Today I travelled closer to home, to a paradise of forgotten letters. The National Library of the Philippines along T. M. Kalaw street has entranced me since I first walked into its high-ceilinged halls. At the time, I tried to appear official by carrying my work ID and donning an impossible pair of black high heels to match my business attire. The mistake became apparent en route to the Director’s office–located on the third floor mezzanine. You get off the elevator on the third floor and you are accosted by the reality of stairs. There’s no escaping them. In a building like this, with huge glass windows and an astounding view of the city–why take the elevator? No sooner had I thought this than I became surrounded by a group of ladies whom I unnecessarily towered over. It was embarrassing to say the least. Their warmth and friendship however immediately set me at ease. This would prove reason to visit often and were it not for the need to actually work in the office, I would have convinced my boss to place me here–working on documents, cataloging, being left alone with many years worth of stories waiting to be told.
My favorite section in the library is the Rare Books and Serials room. This section is usually kept under lock and key for understandable reasons. It plays host to a set of important Filipiniana materials notably, Jose Rizal‘s handwritten manuscripts of Noli Me Tangere (with an illustrated cover) and El Filibusterismo. H. Otley Beyer‘s Ethnographic Collection is also housed in here and though the room is about a fourth of a classroom, a sense of infinite wonder rewards explorers of ideas with much ground to tread.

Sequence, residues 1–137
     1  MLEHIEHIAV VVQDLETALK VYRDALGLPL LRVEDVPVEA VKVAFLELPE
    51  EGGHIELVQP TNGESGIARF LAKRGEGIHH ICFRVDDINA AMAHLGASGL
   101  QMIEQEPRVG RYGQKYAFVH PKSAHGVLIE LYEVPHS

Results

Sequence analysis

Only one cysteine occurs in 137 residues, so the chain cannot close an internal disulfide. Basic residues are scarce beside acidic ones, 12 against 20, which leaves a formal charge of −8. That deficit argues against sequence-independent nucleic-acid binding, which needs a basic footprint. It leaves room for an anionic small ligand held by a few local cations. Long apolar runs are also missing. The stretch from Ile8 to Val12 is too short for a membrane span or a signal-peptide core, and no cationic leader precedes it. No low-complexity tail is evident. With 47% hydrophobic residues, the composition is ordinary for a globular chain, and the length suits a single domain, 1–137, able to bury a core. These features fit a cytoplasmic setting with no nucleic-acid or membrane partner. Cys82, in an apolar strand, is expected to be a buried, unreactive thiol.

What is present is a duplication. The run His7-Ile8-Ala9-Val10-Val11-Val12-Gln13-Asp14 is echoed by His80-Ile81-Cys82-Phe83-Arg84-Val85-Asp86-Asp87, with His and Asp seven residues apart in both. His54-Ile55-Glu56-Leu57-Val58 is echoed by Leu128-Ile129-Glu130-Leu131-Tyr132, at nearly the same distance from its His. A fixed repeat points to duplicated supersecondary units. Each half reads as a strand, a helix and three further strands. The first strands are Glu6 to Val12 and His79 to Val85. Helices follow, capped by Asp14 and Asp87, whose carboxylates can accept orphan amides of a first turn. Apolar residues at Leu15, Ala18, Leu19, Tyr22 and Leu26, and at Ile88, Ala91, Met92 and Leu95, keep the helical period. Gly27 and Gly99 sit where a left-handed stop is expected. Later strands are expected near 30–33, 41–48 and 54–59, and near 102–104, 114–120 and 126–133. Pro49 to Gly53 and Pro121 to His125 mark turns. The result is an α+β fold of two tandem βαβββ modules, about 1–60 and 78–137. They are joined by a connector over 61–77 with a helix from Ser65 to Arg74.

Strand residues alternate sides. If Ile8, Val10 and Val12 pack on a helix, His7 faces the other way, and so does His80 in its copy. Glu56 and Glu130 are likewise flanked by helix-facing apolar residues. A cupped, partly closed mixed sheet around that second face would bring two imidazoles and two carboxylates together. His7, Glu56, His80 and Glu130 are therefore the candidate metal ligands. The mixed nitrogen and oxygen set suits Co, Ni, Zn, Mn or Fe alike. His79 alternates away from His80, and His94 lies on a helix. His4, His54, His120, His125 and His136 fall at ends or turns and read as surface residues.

The first time I visited the library, the remaining descendants of the Rizal family had just left and I had been transferred excitedly into this small space where atop a desk, facing a huge steel vault, I was shown Rizal’s masterpieces. Surprised by the gesture and moved beyond all telling by the hero’s courage and dedication, I took off my gloves, moved a few paces back and cried. There have been few experiences that parallel this and I think that it will take quite some time before another one as potent comes along.
What I haven’t told you is that the primary reason I love this room has to do with this little old lady: Maam Ellen. She is currently retired but like any true lover of knowledge and curiosities, she can’t keep away from what she loves to do. She still makes it to work everyday. She has a nearly encyclopedic knowledge of the Rare Book collection and while small in stature, she radiates warmth as if she had an infinite supply.
She is photographed above in what is obviously a candid moment. I wasn’t sure if this was allowed but I couldn’t resist the chance to photograph her at work, the way I had met her at first and seen her countless times. Some of you might also recognize this print from the Boxer Codex hanging on the wall.
Above, the card catalogs of yore are bathed in sunlight. Memory, having been stirred, produces the recollection of how the wise tutelage of card catalogs introduced me to organized chaos: drawers upon drawers had been pulled open, sometimes left vulnerable in the pursuit of follow-up questions (much to the dismay of our librarians at school). It fascinated me how you came to it curious about a subject or an author then left having learned more than you could have possibly imagined had you just limited yourself to that one simple question. To pick at random a tiny box full of ideas, flip through them and ask anew–that’s true freedom.
Yet another relic is the globe (seen looking down from the Rare Books section) that sits beside the door leading to the Theses. It is one of the first things that greets visitors on the third Floor, Filipiniana Division. We don’t use these any more. There is an excitement and a preference for real-time data in this age we live in–What is Google Earth and Google itself when used as a search engine, right?
While I love what the Internet makes possible, I can’t help but feel nostalgia for older tools that taught me to search far and wide and gave me everything I could possibly need to be the explorer I am today. Hopefully, people still listen to Ray’s (Bradbury) voice when he says, “without libraries, what have we? We have no past and no future.”